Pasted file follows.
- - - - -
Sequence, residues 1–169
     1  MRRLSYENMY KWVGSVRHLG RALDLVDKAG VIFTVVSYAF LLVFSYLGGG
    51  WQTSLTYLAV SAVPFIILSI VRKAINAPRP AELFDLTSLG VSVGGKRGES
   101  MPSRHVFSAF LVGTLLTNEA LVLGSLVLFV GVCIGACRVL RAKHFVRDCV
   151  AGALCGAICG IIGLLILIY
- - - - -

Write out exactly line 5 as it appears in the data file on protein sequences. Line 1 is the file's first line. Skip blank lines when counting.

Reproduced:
   151  AGALCGAICG IIGLLILIY